SleepKey® - Your Key to Restoring Your Natural Sleep Patterns Gradually and Easily!

by LifeSign®

  • SleepKey Works because it is Personalized
  • SleepKey is Risk-Free: No Drugs, No Side Effects
  • Clinically Proven with Grants from the US National Institutes of Health
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  • No Side Effects
  • Doctor Recommended
  • Patented Technology
  • Proven Effective

What is Insomnia

Primary Insomnia is a common sleep disorder. The term "primary” indicates that the insomnia is not causecl by any known physical or mental condition. Primary Insomnia typically results from developed patterns of sleep behavior that interfere with the natural sleep-wake pattern. People with insomnia often complain of problems with falling or staying asleep. Many of the efforts to get more sleep can result in getting less sleep, at least over the long term. Stress, arousal, and worry about not sleeping also contribute to primary insomnia. Although those with primary insomnia may have other medical or emotional conditions, the insomnia does not appear to be caused by these other conditions.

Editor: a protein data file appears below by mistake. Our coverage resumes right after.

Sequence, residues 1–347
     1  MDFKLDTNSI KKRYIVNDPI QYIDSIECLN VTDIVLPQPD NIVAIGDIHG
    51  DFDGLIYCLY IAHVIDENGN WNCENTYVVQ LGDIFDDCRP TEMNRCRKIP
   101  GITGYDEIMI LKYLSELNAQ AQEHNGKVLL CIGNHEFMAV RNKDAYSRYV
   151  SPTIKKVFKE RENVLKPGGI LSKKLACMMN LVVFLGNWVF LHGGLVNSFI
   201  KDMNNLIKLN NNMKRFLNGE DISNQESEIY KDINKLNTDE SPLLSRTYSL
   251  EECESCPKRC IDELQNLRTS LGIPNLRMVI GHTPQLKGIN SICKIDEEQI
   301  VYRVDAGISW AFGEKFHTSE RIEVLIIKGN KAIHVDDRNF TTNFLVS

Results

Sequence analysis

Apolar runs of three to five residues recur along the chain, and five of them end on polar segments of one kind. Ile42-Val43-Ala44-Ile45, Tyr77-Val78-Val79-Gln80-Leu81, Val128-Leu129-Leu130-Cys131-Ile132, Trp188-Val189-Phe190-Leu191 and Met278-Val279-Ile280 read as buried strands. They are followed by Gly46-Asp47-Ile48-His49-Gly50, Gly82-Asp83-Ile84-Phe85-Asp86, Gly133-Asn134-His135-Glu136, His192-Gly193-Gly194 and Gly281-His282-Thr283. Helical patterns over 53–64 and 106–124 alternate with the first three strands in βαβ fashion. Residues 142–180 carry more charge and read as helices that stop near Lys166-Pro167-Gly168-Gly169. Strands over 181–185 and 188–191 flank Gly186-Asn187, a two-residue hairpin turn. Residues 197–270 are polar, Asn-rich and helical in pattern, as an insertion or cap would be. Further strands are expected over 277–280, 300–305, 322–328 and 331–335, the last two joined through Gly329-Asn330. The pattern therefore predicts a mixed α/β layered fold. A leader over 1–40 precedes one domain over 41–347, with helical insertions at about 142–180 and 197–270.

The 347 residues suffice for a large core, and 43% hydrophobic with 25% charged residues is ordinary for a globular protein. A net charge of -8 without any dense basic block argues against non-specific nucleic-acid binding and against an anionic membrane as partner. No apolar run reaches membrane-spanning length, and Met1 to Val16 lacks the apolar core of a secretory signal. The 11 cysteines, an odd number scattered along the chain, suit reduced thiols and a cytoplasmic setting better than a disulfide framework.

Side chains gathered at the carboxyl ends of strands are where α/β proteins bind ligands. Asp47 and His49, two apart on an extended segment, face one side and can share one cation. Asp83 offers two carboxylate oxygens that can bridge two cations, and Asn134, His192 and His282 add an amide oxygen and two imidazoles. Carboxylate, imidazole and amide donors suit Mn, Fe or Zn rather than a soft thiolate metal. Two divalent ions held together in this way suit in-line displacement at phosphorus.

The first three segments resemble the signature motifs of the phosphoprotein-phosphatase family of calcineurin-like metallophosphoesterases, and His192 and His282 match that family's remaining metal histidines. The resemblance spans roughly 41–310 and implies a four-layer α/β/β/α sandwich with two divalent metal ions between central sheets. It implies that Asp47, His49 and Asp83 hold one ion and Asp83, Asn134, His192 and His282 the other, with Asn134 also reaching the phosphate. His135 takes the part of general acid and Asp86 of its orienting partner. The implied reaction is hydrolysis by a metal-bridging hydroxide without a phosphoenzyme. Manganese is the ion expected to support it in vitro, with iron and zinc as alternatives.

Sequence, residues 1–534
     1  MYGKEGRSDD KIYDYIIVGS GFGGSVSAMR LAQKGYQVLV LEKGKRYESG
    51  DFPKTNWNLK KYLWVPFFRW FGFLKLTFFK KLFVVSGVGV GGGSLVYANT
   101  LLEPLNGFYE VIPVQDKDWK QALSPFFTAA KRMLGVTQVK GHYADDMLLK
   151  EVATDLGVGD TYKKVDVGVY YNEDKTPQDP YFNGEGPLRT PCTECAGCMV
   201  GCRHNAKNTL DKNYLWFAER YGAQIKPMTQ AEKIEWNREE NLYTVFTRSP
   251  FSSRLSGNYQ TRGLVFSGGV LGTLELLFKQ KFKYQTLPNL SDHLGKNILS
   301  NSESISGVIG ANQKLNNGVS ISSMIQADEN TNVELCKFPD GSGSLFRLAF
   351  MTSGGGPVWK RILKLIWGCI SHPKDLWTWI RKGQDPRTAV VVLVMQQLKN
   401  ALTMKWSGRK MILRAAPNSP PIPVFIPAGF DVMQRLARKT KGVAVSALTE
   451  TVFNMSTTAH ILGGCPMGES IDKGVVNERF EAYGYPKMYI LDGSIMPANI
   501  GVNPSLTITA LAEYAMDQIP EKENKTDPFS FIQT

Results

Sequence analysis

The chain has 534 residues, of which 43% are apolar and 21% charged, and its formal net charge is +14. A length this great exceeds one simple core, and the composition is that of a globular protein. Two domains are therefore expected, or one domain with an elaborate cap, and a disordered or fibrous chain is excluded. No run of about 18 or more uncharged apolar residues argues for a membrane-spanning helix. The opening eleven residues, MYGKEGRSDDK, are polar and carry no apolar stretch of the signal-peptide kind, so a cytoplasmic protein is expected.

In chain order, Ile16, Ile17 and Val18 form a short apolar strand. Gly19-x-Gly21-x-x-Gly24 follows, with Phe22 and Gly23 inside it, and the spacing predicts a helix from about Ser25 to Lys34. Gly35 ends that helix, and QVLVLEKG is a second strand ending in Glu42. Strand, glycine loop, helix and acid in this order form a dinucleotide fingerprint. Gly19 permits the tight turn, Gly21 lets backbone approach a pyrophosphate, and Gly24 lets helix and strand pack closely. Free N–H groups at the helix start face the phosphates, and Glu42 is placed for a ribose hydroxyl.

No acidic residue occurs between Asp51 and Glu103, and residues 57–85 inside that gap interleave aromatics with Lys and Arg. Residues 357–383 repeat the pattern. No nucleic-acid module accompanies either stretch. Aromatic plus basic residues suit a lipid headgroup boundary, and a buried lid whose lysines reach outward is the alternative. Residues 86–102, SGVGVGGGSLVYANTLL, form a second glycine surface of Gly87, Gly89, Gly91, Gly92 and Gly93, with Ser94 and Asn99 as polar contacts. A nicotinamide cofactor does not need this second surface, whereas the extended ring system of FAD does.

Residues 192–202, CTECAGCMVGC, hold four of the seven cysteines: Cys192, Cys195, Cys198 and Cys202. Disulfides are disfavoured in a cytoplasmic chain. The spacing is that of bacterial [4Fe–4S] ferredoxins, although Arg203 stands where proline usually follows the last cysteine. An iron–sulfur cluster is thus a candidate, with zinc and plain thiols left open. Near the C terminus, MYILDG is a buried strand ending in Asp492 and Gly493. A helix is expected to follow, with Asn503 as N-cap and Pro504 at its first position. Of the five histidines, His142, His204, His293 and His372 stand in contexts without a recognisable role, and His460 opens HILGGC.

Secondary Insomnia differs from Primary Insomnia in that a specific medical or emotional condition is associated with the cause of the sleep disturbance. Some examples of secondary insomnia are:

  • Insomnia due to other sleep disorders
  • Insomnia due to medical conditions
  • Insomnia due to substance use or withdrawal
  • Insomnia due to an emotional problem

Why SleepKey?

  • Gradual Self-HelpYou adjust your sleep patterns gradually at your own pace.
  • PersonalYour program is tailored to your unique sleep pattern.
  • FlexibleThe program adjusts to your progress.
  • Scientifically BasedDeveloped and evaluated with grants from the US National Institutes of Health.
  • ConvenientSleepKey is like having a personal therapist in the palm of your hand.
  • Free Support HotlineJust pick up the phone to reach our SleepKey Support Staff.
  • Safe and NaturalUses no drugs or gimmicks.
  • ProvenClinically Proven to work.
  • Pays for ItselfCosts less than a doctor’s visit and your better sleep comes for free.

What is SleepKey

  • A hand-held computer that creates a personalized Cognitive Behavioral Therapy (CBT) program for you
  • Developed and proven effective with grants from the US National Institutes of Health
  • Based on patented LifeSign technology that sold 1,250,000 units worldwide


  • SleepKey Computer
  • SleepKey Program Guide
  • 30 Day Money Back Guarantee